They knew how Topangans feel about their trees. And they knew the trees had to come down to make way for a Caltrans-required deceleration lane into the new Topanga Library. In fact, it is a little shocking to drive around the bend on Topanga Canyon Boulevard and see the barren empty space created where four trees were recently removed.
PHOTO BY ANTHONY VEREBES
On Monday, September 29, The so-called Giving Trees, two oaks and two pines, were taken down to make way for a deceleration lane and access to the new library. The job was subcontracted by Pacific Coast Lumber, a company that recycles wood deemed unusable for commercial purposes, that will transform the trees into products for use in the library, such as shelving and tables. California law requires that for every oak tree removed, ten new oak trees will be planted. The Santa Monica Conservancy will oversee the planting of the 20 trees and monitor them for five years. Although Topangans are sad to see the trees go, the biggest complaint of the day was the traffic delay.
So early on in the planning process for the construction of the new library, County Supervisor Zev Yaroslavskys staff discussed potential recycling alternatives. I remember back then we discussed what could be recycled when taking down those trees, said Susan Nissman, Senior Field Deputy to Zev Yaroslavsky and a 31-year Topanga resident, but [at the time], there was nothing apparent, she said. Most Topangans consider their trees sacred. Its a hard part of the process when they sometimes have to be removed.
Fast forward a few years to the Mid-State Fair in Paso Robles. Nissman happened upon the booth of Pacific Coast Lumber, a leader in the industry of Urban Forestry. The company produces eco-friendly products from trees which would otherwise go to waste; salvaging wood from trees which are deemed economically non-viable as a lumber resource and turning them into functional pieces of art or furniture.
Nissman described the library project and the tree dilemma with Pacific Coast lumber founder Don Seawater, who was immediately interested and which ultimately led to Pacific Coast Lumber subcontracting to remove two gnarly pine trees and two oak trees. And yes, confirmed Seawater, the wood from the very trees that were removed from the library site on September 29 will be re-cycled into products that will actually be used in the Topanga Library. Album covers, benches, and Adirondack chairs are some possibilities said Seawater, in addition to shelving and tables. Its too early to specify which types of products will grace the library because the amount of wood actually available for production has not yet been determined. It says a lot about the Supervisor, that he realized how important it was and that there were recycling capabilities involved in [removing] these trees, said Seawater, who also teaches Resource Management at Cal Poly.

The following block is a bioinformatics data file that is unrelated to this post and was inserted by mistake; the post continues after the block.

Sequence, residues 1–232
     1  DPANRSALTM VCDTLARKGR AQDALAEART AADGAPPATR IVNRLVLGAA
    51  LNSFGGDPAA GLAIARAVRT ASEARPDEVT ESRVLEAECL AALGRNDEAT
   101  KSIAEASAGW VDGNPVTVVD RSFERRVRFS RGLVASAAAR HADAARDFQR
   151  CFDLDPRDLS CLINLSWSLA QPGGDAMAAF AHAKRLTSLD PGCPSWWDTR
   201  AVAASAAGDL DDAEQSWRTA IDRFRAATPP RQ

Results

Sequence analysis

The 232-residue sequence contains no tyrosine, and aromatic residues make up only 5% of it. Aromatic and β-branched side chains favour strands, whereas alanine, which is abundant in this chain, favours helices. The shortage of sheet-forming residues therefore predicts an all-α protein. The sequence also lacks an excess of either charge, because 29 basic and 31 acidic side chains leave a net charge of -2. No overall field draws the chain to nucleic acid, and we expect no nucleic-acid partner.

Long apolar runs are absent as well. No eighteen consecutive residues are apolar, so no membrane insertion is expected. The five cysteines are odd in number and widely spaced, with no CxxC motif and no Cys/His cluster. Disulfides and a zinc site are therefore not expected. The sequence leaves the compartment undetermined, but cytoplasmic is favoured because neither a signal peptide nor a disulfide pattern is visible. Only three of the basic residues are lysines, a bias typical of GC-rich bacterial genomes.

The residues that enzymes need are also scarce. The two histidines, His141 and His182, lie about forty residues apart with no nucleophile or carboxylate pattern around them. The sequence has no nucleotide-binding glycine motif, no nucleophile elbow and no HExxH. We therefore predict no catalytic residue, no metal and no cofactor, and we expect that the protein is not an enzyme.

Building green was so important to Yaroslavskys office that the library project was actually delayed about a year because his office asked the architects to go back to the drawing board and redesign the project so that it would conform to the Leadership in Energy and Environmental Design (LEED) silver standard, which the County now requires of all new county facilities. Due to the timing of the project, the Countys order didnt apply to the Topanga library, but Yaroslovsky felt ethically and morally responsible for making sure that the Topanga library was held to that standard although it wasnt a requirement, said Nissman. While it delayed the project for almost a year, it was well worth it, said Nissman, and absolutely in keeping with the environmental sensitivities of the Topanga community.
Im very pleased that the trees being removed to construct the Topanga Library will be reused and recycled and not discarded into a landfill. said Supervisor Yaroslavsky. Turning the trees into green products, such as furniture for the library, is in keeping with our goal to incorporate LEED standards consistent with the greening of the Topanga Library project, and gives these trees a second life in Topanga for future generations to enjoy.
In addition to recycling the wood from the downed trees, and as a condition of granting the tree-removal permit, the California Coastal Commission requires that 10 new oak trees be planted for every one removed. Therefore, twenty new oak trees will be planted in exchange for the two that were removed, said Nissman. The Santa Monica Mountains Conservancy has agreed to be the recipient of the trees and monitor them for five years to ensure long-term health and growth.